Sheila McNulty ConocoPhillips Lukoil sale a case of setting priorities

ConocoPhillips’ plans to halve its 20 per cent stake in Lukoil, Russia’s second biggest oil producer, had been discussed and discounted by many an analyst in the days before it happened. Few believed the sale would go ahead because the asset has been a good performer for Conoco and, amid the resource nationalism sweeping the world, big oil companies are trying to get into places like Russia – not out.

But the interesting thing about this economic downturn is that it has forced companies in the energy industry to think about what is really important to them. And while Russia is important to a lot of big oil companies, and remains so to Conoco, so are generating shareholder returns. And Conoco believes it must reward shareholders who have stuck with the company through the past year of difficulties, particularly if it can do so while also retaining a 10 per cent stake in Lukoil, its Russian relationship and a foot in that market.

The bottom line is that Conoco has a lot of strong assets around the world – and it needs to be in position to develop them. The economic crisis brought out the fact that it cannot keep buying and expanding, and still manage everything well.

That became clear when investors began pulling back from the company at the start of 2009, when Conoco said falling commodity prices had forced it to take a $34bn writedown on the reduction in asset values. At that time, the company announced 1,300 job cuts, scaled back capital expenditures and said it would move its focus from mergers and acquisitions to organic growth. Toward the end of the year, it annouced the asset sale plan.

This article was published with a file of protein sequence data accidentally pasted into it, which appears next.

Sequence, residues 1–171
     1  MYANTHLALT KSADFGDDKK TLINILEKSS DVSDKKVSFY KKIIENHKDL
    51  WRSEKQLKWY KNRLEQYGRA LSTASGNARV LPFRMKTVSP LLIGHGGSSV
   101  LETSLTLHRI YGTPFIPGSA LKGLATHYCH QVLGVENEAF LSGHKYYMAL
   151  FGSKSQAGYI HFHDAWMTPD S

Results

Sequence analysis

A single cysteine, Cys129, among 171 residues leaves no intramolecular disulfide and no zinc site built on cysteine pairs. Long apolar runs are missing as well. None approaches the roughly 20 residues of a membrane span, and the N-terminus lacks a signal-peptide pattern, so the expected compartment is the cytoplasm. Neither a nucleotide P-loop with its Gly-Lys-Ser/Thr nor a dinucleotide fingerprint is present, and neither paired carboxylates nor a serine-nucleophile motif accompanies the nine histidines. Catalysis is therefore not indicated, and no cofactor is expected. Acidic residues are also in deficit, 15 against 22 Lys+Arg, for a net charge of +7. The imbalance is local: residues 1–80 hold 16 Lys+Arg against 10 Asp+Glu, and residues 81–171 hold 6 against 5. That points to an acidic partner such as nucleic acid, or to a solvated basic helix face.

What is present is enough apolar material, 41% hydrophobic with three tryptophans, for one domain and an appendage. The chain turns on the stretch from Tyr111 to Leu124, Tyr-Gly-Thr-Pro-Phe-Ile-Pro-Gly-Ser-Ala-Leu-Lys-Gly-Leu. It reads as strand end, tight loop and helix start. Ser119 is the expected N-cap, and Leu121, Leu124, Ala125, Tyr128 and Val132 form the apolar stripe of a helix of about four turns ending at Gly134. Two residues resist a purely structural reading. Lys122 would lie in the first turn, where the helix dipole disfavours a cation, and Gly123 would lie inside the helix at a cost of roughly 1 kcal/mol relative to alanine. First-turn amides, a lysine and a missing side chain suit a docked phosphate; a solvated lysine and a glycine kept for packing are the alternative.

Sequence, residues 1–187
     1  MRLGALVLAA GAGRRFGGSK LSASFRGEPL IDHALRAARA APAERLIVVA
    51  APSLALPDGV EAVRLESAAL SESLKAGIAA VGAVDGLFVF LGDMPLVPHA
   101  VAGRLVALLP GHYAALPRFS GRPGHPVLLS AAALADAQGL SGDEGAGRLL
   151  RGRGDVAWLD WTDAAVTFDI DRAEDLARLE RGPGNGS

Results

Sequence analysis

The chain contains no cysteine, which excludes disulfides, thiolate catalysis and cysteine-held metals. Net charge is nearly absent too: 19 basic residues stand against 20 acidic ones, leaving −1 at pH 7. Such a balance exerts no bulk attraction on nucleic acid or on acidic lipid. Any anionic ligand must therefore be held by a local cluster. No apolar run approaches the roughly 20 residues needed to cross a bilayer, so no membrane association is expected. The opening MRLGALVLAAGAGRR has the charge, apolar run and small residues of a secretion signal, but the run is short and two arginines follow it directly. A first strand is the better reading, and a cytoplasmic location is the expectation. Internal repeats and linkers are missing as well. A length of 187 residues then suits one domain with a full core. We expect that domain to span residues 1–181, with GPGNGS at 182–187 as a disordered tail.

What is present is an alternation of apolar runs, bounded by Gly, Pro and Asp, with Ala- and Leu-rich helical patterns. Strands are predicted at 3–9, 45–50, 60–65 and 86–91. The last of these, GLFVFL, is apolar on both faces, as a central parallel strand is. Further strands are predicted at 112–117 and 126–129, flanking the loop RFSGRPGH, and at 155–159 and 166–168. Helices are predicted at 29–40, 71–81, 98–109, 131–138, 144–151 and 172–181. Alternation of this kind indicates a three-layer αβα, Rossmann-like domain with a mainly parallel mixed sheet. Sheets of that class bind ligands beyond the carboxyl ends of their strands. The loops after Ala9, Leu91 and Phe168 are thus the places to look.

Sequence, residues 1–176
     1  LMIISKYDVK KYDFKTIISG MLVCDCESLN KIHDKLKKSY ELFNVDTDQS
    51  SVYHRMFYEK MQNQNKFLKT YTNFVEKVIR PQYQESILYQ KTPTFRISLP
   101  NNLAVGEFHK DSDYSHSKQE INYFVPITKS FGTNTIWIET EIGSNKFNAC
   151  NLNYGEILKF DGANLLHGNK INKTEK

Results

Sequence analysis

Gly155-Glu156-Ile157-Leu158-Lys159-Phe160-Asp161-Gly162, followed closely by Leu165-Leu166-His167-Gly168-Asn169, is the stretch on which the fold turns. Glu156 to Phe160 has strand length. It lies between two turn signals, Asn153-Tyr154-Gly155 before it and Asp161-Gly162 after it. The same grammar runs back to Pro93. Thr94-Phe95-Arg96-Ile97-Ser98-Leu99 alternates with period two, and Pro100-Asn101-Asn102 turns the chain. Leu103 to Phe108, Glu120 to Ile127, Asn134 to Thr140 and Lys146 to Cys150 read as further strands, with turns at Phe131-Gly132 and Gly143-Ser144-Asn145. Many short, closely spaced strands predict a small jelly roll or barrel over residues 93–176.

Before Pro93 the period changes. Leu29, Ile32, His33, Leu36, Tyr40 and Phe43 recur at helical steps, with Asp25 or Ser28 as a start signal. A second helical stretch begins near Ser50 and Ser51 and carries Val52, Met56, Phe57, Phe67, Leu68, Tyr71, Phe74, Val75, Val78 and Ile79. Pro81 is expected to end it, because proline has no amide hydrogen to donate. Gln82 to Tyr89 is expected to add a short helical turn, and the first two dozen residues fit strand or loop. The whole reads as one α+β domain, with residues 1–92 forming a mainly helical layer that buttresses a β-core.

It is not unusual. Look at Devon Energy. It, too, has decided to focus its efforts, despite being in some of the world’s key plays – Brazil and the Gulf of Mexico. The US independent oil and gas group said late last year it would sell its Gulf of Mexico and international assets for up to $7.5bn to pay down debt and focus fully on high-return US and Canadian onshore assets, which do not carry the risk that often comes with developing overseas projects.

Devon’s international assets are in Azerbaijan, Russia, Brazil and China. It already has done one major deal, in which BP paid $7bn (£4.6bn) for a set of assets from Devon, including licences in the oil-rich waters off the coast of Brazil. Again, Brazil was a good place to be, but it no longer worked for Devon, who has enough resources onshore to keep it busy.

So, while there are strategic reasons to be in different regions, the economic downturn has forced companies to set priorities. During the boom years, this was not necessary. Then, the game was to grab as many resources in as many parts of the world as one could pull off. Now is the time to pick and choose.

Related links:

BP buys $7bn of Devon’s assets, and makes a Canadian oil sands deal (FT Energy Source)
Energy sector M&A to pick up in 2010 (FT Energy Source)